One of the saddest things I’ve ever seen was a wedding dress in a charity shop window. I was hunting through the piles of discarded shoes and china ornaments, searching for photography props for a piece of University coursework, and as I entered a back room there it was, faded ivory silk with delicate beading that caught the light as it swung slightly in the draft from the door.
It seemed tragic, this dress; an object so prized and wanted, dreamed over, saved for and squeezed into for the biggest day of someone’s life, now discarded and branded with a tattered second hand price tag. I imagined a jilted bride, heartbroken, dumping the dress outside the door of the charity shop before speeding away into the night. I imagined two people in a marriage in which the happiness had ebbed away, trapped in a house full of shouting and tears, in which the dress hung silently in an upstairs wardrobe, a constant reminder. I imagined a bride happy and content, who lived her whole life with the person she had stood beside in that dress and agreed to love and honour, until she died peacefully in old age and the dress was taken down from the attic and brought to the charity shop by a generous daughter or grand daughter.
I conjured so many stories about that dress, and the woman who had worn it, trying to imagine what circumstances had led to it ending up in that draughty charity shop window. Because that’s the thing about belongings, isn’t it. They have stories within them, they mean something to people.
Over the last month I have packed up my entire life into boxes and bags. Some of these have been taken to the charity shop. Some have been sold and passed on to new owners. Some have simply been thrown out, or taken to the recycling centre to be destroyed and turned into something new. Some have been wrapped in newspaper and stored in my parent’s attic. And what I have left is a backpack and a carry on, every belonging I will have for the next couple of years reduced to 65 litres and a 20 kilo weight limit.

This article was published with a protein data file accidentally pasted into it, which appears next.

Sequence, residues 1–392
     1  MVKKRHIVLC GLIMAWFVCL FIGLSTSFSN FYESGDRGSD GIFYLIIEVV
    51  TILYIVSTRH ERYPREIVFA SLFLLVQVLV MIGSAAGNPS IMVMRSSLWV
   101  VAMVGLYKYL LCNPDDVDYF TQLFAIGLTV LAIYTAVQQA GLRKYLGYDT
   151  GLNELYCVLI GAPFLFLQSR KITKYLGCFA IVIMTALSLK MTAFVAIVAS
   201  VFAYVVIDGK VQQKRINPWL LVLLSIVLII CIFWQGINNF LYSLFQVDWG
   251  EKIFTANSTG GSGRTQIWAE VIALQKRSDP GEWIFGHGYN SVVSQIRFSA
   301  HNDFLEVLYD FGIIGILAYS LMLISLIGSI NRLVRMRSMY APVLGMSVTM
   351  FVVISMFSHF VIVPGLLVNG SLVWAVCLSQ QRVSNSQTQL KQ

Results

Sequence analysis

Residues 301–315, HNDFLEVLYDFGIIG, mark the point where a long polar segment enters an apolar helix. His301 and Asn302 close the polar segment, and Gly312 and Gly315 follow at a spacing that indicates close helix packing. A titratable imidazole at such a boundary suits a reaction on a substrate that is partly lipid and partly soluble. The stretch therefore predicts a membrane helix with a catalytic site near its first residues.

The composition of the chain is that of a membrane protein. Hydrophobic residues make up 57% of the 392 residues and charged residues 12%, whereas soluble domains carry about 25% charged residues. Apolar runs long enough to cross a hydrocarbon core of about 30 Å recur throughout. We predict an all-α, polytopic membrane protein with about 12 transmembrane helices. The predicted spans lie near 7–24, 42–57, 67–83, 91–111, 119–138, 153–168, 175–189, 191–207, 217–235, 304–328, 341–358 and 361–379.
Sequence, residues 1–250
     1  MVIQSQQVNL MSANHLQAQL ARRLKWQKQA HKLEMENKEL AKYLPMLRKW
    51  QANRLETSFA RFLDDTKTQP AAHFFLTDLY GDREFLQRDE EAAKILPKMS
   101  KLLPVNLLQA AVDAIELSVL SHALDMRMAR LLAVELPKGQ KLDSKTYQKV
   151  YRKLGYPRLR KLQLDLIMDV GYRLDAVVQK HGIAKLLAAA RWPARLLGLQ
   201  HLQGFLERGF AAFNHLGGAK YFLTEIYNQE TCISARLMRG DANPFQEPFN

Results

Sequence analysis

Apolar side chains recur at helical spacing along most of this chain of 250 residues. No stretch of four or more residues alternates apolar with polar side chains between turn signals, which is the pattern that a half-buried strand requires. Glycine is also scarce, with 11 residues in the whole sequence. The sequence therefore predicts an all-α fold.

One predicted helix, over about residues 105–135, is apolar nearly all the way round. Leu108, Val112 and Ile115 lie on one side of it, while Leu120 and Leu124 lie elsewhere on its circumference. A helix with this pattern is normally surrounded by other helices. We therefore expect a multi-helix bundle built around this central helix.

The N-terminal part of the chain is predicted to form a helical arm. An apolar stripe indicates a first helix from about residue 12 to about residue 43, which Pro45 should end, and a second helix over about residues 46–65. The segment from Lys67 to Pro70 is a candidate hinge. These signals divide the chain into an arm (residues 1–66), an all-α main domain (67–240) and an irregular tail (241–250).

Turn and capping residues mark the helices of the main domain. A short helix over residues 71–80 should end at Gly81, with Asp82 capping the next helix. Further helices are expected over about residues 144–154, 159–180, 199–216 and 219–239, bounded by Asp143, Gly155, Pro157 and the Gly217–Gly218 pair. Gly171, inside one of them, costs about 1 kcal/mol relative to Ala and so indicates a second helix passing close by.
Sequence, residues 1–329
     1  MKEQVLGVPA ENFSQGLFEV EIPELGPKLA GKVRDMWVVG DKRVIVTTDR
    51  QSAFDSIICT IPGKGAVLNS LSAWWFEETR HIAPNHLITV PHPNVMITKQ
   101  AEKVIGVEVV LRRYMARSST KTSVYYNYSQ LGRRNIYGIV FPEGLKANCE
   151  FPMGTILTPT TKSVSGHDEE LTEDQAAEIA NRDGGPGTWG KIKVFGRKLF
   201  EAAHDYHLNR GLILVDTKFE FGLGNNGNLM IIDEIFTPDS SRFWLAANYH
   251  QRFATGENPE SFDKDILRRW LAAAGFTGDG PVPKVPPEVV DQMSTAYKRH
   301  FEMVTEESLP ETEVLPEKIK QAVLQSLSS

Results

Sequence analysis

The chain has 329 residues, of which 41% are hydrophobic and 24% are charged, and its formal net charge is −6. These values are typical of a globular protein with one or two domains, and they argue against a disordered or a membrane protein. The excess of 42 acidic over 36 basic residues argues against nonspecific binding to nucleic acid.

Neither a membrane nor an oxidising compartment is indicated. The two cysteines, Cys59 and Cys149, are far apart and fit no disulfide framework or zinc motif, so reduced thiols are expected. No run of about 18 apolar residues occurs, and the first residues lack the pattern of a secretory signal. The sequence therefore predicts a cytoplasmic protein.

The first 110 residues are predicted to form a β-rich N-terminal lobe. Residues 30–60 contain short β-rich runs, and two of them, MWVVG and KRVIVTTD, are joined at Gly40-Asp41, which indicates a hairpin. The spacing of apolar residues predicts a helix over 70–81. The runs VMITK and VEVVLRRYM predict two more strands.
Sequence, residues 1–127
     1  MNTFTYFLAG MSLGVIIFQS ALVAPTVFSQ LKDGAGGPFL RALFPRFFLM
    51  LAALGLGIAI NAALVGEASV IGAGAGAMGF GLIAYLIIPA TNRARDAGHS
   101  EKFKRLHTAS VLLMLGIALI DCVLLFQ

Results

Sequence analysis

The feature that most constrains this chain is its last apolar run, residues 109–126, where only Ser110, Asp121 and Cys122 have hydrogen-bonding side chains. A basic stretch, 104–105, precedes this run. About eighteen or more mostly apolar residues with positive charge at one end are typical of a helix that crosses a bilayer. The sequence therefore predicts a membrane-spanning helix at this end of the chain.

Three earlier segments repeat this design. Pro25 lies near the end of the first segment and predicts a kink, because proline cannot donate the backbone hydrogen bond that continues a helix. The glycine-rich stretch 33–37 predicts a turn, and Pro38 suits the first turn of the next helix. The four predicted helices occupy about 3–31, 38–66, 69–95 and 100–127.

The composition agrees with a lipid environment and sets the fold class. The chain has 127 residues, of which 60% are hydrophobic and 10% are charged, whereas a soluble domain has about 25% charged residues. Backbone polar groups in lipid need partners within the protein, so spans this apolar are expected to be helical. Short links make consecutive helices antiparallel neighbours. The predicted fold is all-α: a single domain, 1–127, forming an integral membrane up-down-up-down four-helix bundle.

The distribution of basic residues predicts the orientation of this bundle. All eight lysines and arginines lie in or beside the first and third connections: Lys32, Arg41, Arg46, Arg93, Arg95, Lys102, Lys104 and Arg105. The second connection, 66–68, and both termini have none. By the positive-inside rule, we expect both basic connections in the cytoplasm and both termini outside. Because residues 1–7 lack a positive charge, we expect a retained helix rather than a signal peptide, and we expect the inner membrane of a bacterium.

It’s a strange idea that people have, that people who travel long term shouldn’t care about belongings. If anything, I would say that travellers are collectors by nature. We collect experiences and stories, take photographs, keep notebooks. We pick up mementos and souvenirs, bracelets and books and the e-mail addresses of new friends.
And the objects that we choose to own as our belongings are not just ‘things’; they are tangible memories, small physical pieces of our identity. They embody our tastes, our choices, and our experiences. I own objects picked up from all over the world, and each one conjures a specific memory – the prayer flags I bought from a temple seller in Kathmandu, the necklace made by a Vietnamese hill tribe, the book I bought from Leakey’s bookshop in Inverness. These are objects which have a significance that is irreplaceable, and so much more valuable to me than their tiny monetary worth.
The things that I have taken to the charity shop over the last month don’t carry this emotional significance, but they do represent a shift, a seasonal change, a new beginning. It feels cleansing, to lose these belongings – clothes that I will never wear again, dishes and glasses that sat in a kitchen which is no longer mine. They have gone to make way for a new phase, as I set off to explore a new continent and try out a new, location independent way of life.
Another year in which to collect new memories, new stories; and the objects that embody them. And one day I’ll be able to pick up one of those objects, from a shelf in a house that I don’t yet live in, and I’ll have a tangible memory of that year I travelled overland from Mexico to Chile, right there in the palm of my hand.